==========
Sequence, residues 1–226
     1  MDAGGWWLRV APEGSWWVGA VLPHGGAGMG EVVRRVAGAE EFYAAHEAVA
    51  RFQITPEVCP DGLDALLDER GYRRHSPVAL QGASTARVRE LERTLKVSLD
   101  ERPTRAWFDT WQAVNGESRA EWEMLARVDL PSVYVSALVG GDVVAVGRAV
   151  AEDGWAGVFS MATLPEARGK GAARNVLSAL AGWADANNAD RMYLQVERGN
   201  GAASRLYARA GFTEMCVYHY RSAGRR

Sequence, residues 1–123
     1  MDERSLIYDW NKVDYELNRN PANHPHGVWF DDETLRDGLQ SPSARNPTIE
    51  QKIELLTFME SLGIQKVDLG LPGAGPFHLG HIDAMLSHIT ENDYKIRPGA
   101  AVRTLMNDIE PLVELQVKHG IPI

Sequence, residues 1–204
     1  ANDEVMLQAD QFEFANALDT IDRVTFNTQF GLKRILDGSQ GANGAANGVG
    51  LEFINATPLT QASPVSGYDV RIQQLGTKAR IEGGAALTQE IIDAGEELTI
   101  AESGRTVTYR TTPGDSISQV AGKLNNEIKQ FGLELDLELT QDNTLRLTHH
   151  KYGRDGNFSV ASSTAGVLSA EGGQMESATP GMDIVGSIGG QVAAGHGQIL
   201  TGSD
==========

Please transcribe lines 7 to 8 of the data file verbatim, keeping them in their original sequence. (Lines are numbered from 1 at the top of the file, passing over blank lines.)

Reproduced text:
Sequence, residues 1–123
     1  MDERSLIYDW NKVDYELNRN PANHPHGVWF DDETLRDGLQ SPSARNPTIE